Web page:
Eight prominent cultural leaders from various fields were selected to share their personal stories, using the device of the pool as a platform to explore the relationship between architecture and Australian cultural identity. These included Olympic gold medal winning swimmers Ian Thorpe and Shane Gould, environmentalist and 2007 Australian of the Year Tim Flannery, fashion designers Romance Was Born, writer of best-selling book The Slap Christos Tsiolkas, winner of the 2012 Miles Franklin Prize Anna Funder, Indigenous art curator Hetti Perkins and Australian rock-musician Paul Kelly.

The aim of the exhibition was to step outside the architect-to-architect discourse to show how a familiar, common object, the pool, is in fact pregnant with cultural significance, it is both artefact and catalyst of change. The Pool is about public space as a vital component to society and shows the many ways in which its public character is interpreted and occupied.

Augmented Australia 1914-2014 – Minifie van Schaik, Caught Unawares, 2013, Sydney. Digital reconstruction by Ben Juckes.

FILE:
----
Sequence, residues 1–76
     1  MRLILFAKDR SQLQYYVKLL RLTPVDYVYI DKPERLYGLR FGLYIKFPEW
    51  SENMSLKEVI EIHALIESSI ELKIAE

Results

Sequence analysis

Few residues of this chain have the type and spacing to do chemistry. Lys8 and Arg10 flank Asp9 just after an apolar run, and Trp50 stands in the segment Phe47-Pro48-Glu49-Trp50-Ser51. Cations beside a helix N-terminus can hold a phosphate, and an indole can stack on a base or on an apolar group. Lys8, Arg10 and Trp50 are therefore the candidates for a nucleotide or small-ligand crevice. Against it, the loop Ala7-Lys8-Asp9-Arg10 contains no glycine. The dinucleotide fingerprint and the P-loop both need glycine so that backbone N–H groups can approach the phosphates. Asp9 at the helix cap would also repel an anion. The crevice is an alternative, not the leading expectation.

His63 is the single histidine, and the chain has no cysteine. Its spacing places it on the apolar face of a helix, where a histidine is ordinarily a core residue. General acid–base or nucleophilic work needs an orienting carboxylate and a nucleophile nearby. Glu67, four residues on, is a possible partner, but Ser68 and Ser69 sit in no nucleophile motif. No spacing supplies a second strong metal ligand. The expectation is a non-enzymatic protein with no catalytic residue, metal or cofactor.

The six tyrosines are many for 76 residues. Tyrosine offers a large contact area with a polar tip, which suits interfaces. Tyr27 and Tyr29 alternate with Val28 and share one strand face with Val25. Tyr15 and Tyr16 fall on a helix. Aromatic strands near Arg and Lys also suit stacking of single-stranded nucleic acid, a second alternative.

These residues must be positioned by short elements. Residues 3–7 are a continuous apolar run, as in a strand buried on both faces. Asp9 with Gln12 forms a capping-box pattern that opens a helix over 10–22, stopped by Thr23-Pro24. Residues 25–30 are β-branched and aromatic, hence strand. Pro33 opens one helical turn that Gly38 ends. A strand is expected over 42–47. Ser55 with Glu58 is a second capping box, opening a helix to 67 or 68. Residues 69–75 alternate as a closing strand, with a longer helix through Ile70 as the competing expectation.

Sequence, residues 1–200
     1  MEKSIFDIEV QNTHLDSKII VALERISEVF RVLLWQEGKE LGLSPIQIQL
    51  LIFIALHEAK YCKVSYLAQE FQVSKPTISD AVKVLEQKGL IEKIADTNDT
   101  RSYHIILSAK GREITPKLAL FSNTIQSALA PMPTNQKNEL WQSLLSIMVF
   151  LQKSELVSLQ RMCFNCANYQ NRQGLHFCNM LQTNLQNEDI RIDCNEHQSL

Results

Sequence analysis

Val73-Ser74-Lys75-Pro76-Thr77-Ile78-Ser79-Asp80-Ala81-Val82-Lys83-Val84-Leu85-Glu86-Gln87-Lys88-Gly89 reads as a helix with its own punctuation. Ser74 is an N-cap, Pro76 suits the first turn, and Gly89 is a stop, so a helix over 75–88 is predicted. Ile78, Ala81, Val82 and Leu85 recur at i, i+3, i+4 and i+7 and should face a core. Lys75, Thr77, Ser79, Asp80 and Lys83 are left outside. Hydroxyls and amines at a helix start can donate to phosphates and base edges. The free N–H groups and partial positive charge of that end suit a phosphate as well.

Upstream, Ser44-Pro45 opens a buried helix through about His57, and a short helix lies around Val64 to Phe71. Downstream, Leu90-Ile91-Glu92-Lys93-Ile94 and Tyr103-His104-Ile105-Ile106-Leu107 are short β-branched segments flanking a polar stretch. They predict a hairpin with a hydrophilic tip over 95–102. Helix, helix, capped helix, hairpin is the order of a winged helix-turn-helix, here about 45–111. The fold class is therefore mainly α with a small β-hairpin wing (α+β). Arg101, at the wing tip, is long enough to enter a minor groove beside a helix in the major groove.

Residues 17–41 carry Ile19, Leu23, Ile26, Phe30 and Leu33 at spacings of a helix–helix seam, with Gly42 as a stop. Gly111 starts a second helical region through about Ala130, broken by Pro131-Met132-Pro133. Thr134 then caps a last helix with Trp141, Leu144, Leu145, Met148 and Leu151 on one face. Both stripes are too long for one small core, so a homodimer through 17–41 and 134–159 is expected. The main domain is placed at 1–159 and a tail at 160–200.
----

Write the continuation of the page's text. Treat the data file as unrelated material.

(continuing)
2014 - Augmented Australia: 1914 - 2014

felix._Giles_Anderson+Goad

Augmented Australia  provided a virtual journey through 23 of Australia’s most intriguing unbuilt projects through the use of a dedicated app.

Augmented Australia’s virtual experience began under a temporary Cloud Space, where display images of each project automatically triggered three-dimensional (3D) augmented models, animations and interviews when viewed through the app. Including a 1:1 scale virtual model of the new Australian Pavilion by Denton Corker Marshall overlaid on its construction site.

The exhibition then extended beyond the Giardini with real-world scale augmented models of each unbuilt project geographically positioned in various locations around Venice, marking the largest exhibition of its kind ever seen.

2012 - Formations